BUZEK: It has become even more challenging because of the expectations on the department to truly understand the business. The returns from simply deploying technology are long gone. Now, it is only the integration of the technology into the business process — and the business process changing to take advantage of the technology — that brings the returns on investment. This is why 75% of all IT projects never reach their ROI projections. Few companies have the discipline or time to do the hard part of process change.
MURPHY: Generally, business executives in the industry have figured out that first, technology is necessary to stay competitive; and second, technology is not a silver bullet, but must be partnered with business-process change to provide value. In addition, IT personnel have become more oriented to serving as an “internal consultant” and engaging in “consultative selling” within the business units.
SN: Is the IT department being asked to support areas that it hasn't previously engaged in, such as food safety or energy management?
KEELEY: I think that we have always been engaged with food safety and the freshness of product via the warehouse inventory and selection systems we have to maintain. In addition, product recall — and the ability to know what went where — has been center stage more than ever over the past couple of years. At the retail level, nutrition and allergy labeling is a huge area that needs more attention: Less costly, more accessible central databases of information for smaller business owners and the public are needed.
As for energy management, we have always been engaged with the systems used to manage and monitor energy at the warehouse. Going green with virtualization technology that reduces the number of servers is also important.
MURPHY: Certainly, there is a move to engage IT in these areas as they often provide the infrastructure for the solution, if not the solution itself. Many IT departments have found that by practicing their own “green initiatives” they not only save company dollars but can set a leadership example for the rest of the company.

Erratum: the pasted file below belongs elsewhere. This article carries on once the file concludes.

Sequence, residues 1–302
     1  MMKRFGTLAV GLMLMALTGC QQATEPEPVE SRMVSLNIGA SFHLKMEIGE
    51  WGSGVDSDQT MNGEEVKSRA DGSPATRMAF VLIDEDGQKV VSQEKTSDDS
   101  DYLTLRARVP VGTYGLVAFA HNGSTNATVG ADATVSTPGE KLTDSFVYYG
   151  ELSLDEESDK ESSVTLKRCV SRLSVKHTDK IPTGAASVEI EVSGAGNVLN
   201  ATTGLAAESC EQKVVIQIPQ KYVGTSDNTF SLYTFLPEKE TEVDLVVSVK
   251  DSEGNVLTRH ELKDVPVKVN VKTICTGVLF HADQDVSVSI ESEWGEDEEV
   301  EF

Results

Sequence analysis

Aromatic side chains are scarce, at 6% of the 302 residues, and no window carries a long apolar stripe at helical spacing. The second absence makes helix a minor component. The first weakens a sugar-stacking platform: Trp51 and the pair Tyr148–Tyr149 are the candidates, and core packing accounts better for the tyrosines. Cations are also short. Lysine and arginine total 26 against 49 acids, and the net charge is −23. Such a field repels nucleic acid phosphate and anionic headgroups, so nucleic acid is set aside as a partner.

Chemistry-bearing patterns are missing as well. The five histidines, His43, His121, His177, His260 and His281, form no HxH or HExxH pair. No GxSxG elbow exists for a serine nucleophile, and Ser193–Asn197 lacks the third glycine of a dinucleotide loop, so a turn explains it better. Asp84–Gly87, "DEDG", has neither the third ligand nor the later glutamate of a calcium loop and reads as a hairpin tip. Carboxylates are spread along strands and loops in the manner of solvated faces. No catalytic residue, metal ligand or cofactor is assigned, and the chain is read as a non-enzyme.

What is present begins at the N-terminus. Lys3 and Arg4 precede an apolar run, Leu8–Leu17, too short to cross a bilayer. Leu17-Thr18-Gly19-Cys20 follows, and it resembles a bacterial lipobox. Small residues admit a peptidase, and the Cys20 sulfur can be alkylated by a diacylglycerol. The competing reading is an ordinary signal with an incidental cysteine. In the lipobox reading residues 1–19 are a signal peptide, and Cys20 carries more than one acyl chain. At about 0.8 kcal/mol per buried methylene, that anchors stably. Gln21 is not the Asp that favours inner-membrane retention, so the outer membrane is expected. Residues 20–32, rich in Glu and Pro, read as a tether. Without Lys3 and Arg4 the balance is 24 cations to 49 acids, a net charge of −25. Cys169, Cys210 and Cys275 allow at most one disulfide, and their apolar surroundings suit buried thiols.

SN: How much more emphasis does the IT department place on data security/PCI (Payment Card Industry) data security compliance than it did in the past?
KEELEY: Tons more emphasis! This is a huge issue and topic for us. We not only take our internal compliance seriously, but we feel it is our responsibility to make sure all our retail merchant customers are at least thinking about it. We try to be an advocate for compliance. I always talk about it as I go out and visit our customers.
BUZEK: Unfortunately, there's way too much emphasis on PCI and not enough on overall security. Many of the PCI requirements are good, but others are really nonsense and add cost without adding security. PCI is only a subset of security and often only gives the illusion of security. Most of the major data breaches have come in companies that were certified PCI compliant.
MURPHY: Not enough emphasis has been placed here. Although this area has more focus as a result of recent data theft and transaction fraud, C-level executives look at the cost of doing this right and squirm. They still view it as an insurance policy — nice to have if you can afford it, but a waste if you don't need it.
SN: What are the biggest pain points IT is dealing with these days?
KEELEY: Some are day-to-day issues like expense management, doing more with less and expanding services to our retail merchants. Some issues are strategic such as Windows 7, virtualization, AT&T network services and new capital investments. Some are industrywide: PCI, the iPhone, electronic coupons and intrusion protection.
SN: What are the technologies — such as mobile phones, RFID, social networks, cloud computing, virtualization, Linux, the DataBar, in-store shopping devices, new payment methods — that will have the greatest impact on the food retail business in the next few years?
KEELEY: All of the above! All of these technologies are in the front of our discussions on new projects and areas of support. I think that it indicates a general increase in the industry for more information as well as more timely information that offers “instant gratification.”
BUZEK: In a positive way, fresh-item management systems and private-label management systems are the two greatest technologies that are beginning to drive value because they greatly enhance the bottom line profitability when done right. After that, the enablement of the consumer's mobile device would be the fastest up-and-coming technology for the food business.
MURPHY: The one that should, but probably won't, is cloud computing. Today's retailers have way too much investment in physical store devices and infrastructures that hinder flexibility and drive ongoing support costs through the roof. This depletes both financial and human resources.